In our historical context, we may proclaim Christ with people who are near in the sense of have lived their whole lives in the Bible belt, or actually fellowshipping in churches, or even growing up in sincerely Christian households. - In such situations, how might we confirm the truth for ourselves and for others when they seem to me more about opposing God’s word than submitting to him? If you reject Christ, I will love you still because I have Christ in me, and because this is not about me. But out of love I can tell you also the result of your rejection. I can warn you about the outcome and I can warn you that you may not have other opportunities for repentance. 

Behold (look, indeed), we are turning to the Gentiles. (This can’t be understood as Paul saying they’ll no longer preach to Jews, because they continue to do so in new places. And he had also preached to Gentiles before this. - But the overall patterns remain the point.

If we need to respond in a similar manner, this allows a person to see why you might need to redirect your efforts because of their rejection. - Again, from the love of Christ in me, I can also be honest and say that your stubborn resistance leads me to the conclusion that I would be wise to invest more gospel energy elsewhere, with others. I love you and will pray for you and may in God’s providence be available to you again, but for now, I am moving on.

[By doing this, we are confirming what is true as well as confirming out calling in Christ.]

To reinforce their calling in this context, Paul quotes Isaiah 49:6. [reread that quote in v. 47] - Paul puts their missionary calling in the context of what Israel’s responsibility was as God’s uniquely chosen people group. Paul now applies that to the church and to their ministry in particular, corresponding to Christ’s command and explanation at his conversion. Paul was called not only to suffer for the Lord Jesus, but also to have a unique role in the expansion of the gospel in the Gentile world of his day.

We too understand that our calling in Christ extends beyond our temporal, physical comfort, and we commit ourselves to be Christ’s instruments so that some of us may be sent out to proclaim Christ beyond the boundaries of our church community. There are yet places where the truth of God’s revelation of himself and his plan of restoration through Jesus is not near to them in any sense. So we must go to them. We must also begin to see that the increasing secularization around has led to a greater degree of Biblical illiteracy, meaning that people are more distant from understanding God’s word and their need for Jesus. So we must approach them accordingly.

And there will be some, both in our midst and more distant from God, who will in fact respond to God’s offer through Jesus Christ of being made right with him.

How might we respond to  sincere  reception of the Lord Jesus Christ? (vv. 48-49)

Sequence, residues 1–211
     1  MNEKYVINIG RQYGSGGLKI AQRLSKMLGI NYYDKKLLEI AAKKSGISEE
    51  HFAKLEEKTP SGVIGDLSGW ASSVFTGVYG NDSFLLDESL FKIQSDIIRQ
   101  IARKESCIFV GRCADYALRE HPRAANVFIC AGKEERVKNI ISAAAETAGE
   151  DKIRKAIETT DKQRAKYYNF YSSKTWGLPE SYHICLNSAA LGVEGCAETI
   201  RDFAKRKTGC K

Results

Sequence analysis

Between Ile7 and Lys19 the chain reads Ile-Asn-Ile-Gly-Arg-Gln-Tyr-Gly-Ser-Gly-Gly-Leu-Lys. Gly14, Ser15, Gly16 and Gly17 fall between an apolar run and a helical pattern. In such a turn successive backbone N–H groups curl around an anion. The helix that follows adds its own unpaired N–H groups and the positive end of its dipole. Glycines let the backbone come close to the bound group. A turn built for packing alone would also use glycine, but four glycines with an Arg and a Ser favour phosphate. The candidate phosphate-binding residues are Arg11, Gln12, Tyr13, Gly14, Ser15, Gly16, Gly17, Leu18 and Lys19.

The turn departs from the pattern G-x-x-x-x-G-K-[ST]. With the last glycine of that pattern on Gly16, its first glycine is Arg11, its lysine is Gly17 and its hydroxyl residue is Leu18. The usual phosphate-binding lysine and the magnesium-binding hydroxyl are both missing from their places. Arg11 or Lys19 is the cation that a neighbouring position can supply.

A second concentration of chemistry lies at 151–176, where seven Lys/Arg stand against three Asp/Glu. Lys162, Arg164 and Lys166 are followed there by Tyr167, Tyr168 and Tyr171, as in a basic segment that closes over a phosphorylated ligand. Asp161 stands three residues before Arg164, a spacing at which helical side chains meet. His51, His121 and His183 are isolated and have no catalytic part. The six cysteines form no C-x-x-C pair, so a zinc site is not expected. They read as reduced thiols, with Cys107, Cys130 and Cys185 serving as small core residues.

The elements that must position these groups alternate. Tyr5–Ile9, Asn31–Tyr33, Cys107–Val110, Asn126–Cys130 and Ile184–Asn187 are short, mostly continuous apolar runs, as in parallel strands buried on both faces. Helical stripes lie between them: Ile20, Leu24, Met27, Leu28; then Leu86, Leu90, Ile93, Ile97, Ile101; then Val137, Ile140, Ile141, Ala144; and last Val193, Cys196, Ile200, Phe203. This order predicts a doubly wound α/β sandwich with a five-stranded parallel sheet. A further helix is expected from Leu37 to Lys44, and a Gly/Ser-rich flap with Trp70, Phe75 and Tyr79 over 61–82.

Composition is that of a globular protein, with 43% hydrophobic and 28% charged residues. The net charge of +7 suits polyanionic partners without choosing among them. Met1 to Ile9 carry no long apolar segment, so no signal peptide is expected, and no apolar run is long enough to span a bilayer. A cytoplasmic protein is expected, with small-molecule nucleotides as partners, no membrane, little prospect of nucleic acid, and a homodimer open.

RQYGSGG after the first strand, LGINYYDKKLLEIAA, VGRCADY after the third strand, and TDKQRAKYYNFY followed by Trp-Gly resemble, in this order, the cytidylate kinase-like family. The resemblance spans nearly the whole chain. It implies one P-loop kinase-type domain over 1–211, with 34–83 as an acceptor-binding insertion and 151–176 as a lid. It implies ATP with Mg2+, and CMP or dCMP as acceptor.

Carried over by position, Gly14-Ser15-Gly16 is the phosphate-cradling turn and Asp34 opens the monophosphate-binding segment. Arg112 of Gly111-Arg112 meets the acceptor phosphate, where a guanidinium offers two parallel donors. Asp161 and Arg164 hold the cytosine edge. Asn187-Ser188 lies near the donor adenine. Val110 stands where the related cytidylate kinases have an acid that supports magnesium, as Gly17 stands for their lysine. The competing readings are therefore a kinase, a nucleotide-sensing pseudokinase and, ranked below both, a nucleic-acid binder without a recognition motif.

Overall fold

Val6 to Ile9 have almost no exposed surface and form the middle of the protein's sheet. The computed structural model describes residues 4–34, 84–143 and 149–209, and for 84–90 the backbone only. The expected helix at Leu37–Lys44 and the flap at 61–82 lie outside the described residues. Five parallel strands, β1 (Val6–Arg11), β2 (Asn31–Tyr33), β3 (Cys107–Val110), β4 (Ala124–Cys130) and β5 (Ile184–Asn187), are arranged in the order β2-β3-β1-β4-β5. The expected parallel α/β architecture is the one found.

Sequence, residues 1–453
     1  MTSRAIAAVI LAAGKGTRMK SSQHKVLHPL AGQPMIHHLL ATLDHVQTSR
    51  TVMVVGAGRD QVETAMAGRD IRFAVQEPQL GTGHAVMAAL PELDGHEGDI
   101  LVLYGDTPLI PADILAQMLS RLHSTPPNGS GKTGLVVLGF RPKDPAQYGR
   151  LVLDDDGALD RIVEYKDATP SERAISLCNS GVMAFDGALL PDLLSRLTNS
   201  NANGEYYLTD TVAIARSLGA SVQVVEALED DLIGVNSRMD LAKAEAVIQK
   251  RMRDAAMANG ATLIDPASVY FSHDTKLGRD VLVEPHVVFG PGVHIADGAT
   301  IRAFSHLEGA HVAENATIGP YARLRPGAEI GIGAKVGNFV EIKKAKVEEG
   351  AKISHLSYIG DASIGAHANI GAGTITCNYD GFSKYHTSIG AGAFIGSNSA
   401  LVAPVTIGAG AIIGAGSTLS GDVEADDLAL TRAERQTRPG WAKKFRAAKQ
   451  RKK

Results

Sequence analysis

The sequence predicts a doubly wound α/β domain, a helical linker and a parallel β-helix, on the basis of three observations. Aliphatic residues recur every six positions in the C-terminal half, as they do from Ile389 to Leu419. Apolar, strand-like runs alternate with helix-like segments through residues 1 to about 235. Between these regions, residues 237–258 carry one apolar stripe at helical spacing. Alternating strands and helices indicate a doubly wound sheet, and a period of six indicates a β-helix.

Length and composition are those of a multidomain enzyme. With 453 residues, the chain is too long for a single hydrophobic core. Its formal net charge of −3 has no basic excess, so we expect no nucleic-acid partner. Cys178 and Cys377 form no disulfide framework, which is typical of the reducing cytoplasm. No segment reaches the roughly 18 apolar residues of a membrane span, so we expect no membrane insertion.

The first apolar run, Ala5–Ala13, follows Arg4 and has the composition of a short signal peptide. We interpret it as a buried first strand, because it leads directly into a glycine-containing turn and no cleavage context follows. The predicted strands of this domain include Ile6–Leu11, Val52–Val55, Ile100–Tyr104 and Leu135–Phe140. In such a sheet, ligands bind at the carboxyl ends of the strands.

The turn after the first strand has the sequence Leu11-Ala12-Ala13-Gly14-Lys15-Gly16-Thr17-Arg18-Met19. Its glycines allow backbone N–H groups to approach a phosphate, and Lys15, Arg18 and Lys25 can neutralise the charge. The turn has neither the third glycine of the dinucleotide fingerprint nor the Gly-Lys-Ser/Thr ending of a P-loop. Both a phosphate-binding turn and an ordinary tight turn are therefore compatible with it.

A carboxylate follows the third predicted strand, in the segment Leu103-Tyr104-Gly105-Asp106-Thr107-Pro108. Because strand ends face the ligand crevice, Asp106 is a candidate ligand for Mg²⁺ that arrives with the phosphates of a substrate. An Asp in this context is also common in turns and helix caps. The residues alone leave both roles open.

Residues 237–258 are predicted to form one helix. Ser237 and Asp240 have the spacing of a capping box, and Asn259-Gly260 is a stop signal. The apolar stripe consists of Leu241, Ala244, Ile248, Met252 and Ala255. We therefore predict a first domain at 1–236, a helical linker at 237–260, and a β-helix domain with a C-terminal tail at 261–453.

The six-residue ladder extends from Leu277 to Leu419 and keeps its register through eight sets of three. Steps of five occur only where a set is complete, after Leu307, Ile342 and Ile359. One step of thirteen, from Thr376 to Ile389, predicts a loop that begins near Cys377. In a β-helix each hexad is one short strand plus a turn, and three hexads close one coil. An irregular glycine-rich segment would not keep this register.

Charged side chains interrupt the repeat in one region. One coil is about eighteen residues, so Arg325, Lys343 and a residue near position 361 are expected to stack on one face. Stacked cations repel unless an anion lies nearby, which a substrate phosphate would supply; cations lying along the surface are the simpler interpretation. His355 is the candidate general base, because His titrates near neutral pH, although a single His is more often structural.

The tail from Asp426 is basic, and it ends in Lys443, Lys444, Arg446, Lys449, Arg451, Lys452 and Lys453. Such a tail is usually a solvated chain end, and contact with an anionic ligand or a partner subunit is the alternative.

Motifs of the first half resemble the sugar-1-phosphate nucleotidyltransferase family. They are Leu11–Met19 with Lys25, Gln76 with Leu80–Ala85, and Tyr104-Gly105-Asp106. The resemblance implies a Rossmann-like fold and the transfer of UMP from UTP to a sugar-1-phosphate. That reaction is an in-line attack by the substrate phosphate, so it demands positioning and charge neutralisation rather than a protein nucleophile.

Even in the midst of some predominant rejection and what would turn to hostility, Paul & Barnabas got to experience the amazing power of God’s grace and work through his Spirit to save some. Here in Pisidian Antioch, it is especially the Gentiles who hear this great news of being invited into God’s family through Jesus, and who are converted. So they rejoice and glorify the word of the Lord (praising God, exalting him for his truth revealed).

[repeat question]

With astonishment and admiration for God’s work through his word, we  worship  God.

Do you know the joy of trusting Christ and being adopted as God’s child? (I am his, and he is mine… forever!) And do you experience the magnitude of appreciation welling up inside you like a tidal wave that boasts in God’s magnificence, his glory and grace, revealed? (Wow, God. I know it is true because you have said it, and you have made it real in my own life. I know this is about you and not about me, God, but in your grace your have brought me into that grace. Wow, God.)

“and as many as were appointed to eternal life believed”… putting their faith in Jesus as the Christ, the Savior, their Lord.

Maybe you are one who has come to love the sovereignty of God in salvation and are enthusiastic about it (even to the point of being annoying at times? ;-)) because you know that it is a more accurate reflection of who God is, which is always good and right for our hearts. So you worship God for appointing you to eternal life.

But maybe you're someone who is yet wrestling with the Biblical concept of predestination because you feel like it’s hard to reconcile God’s choosing with your own real experience of will and choosing. I mean, we know that Adam had a choice to obey God and chose wrongly. If you want to differentiate that as being before sin entered the world (ironically through that choice), then just consider the countless other choices made wrongly and sometimes rightly from the wills of man deciding whether or not to trust and therefore obey God. Even as believers, we choose to submit to the Spirit or walk in the flesh. We know this freedom God has given us is real.